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JavaScript Exercises

These JavaScript exercises are intended to complement the JavaScript content on The Odin Project (TOP). They should only be done when instructed during the course of the curriculum.

Note: The generator-exercise file is not actually an exercise; it is a script that generates exercises. It was created to help efficiently write these exercises.


If you have a suggestion to improve an exercise, an idea for a new exercise, or notice an issue with an exercise, please feel free to open an issue after thoroughly reading our contributing guide in our main TOP repo.

How To Use These Exercises

  1. Fork and clone this repository. To learn how to fork a repository, see the GitHub documentation on how to fork a repo.
    • Copies of repositories on your machine are called clones. If you need help cloning to your local environment you can learn how from the GitHub documentation on cloning a repository.
  2. Before you start working on any execises, you should first ensure you have the following installed:
    • NPM. You should have installed NPM already in our Installing Node.js lesson. Just in case you need to check, type npm --version in your terminal. If you get back Command 'npm' not found, but can be installed with:, do not follow the instructions in the terminal to install with apt-get as this causes permission issues. Instead, go back to the installation lesson and install Node with NVM by following the instructions there.
    • Jest. After cloning this repository to your local machine and installing NPM, go into the newly created directory (cd javascript-exercises) and run npm install. This will install Jest and set up the testing platform based on our preconfigured settings.
  3. Each exercise includes 3 files: a markdown file with a description of the task, an empty (or mostly empty) JavaScript file, and a set of tests. To complete an exercise, you'll need to go to the exercise directory with cd exerciseName in the terminal and run npm test exerciseName.spec.js. This should run the test file and show you the output.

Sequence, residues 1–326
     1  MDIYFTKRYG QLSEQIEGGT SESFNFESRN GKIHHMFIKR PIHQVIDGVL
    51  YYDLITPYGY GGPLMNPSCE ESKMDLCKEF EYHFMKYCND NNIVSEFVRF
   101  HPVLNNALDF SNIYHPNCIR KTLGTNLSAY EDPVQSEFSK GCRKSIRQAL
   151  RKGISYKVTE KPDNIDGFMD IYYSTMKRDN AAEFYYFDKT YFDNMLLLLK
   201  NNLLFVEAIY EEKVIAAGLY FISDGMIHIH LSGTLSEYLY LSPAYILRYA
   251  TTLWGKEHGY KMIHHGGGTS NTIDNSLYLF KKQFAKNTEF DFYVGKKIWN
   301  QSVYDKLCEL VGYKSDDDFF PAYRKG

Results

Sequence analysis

• When you first run a test, it will fail. This is by design! You must open the exercise file and write the code needed to get the test to pass.
  4. Some of the exercises have test conditions defined in their spec file as test.skip compared to test. This is purposeful. After you pass one test, you will change the next test.skip to test and test your code again. You'll do this until all conditions are satisfied. All tests must pass at the same time, and you should not have any test.skip instances by the time you finish an exercise.
  5. Once you successfully finish an exercise, check TOP's solutions branch to compare it with yours.
    • You should not be checking the solution for an exercise until you finish it!
    • Keep in mind that TOP's solution is not the only solution. Generally as long as all of the tests pass, your solution should be fine.
  6. Do not submit your solutions to this repo, as any PRs that do so will be closed without merging.

Note: Due to the way Jest handles failed tests, it may return an exit code of 1 if any tests fail. NPM will interpret this as an error and you may see some npm ERR! messages after Jest runs. You can ignore these, or run your test with npm test exerciseName.spec.js --silent to supress the errors.

The first exercise, helloWorld, will walk you through the process in-depth.


To debug functions, you can run the tests in the Visual Studio Code debugger terminal. You can open this by clicking the "Run and Debug" icon on the left or pressing ctrl + shift + D, then clicking JavaScript Debug Terminal. You will be able to set breakpoints as you would in the Chrome DevTools debugger. You can run npm test exerciseName.spec.js to then execute your code up until your breakpoint and step through your code as necessary. NOTE: To take advantage of the debugger, you MUST run the script in the debugger terminal, not the bash or zsh terminal.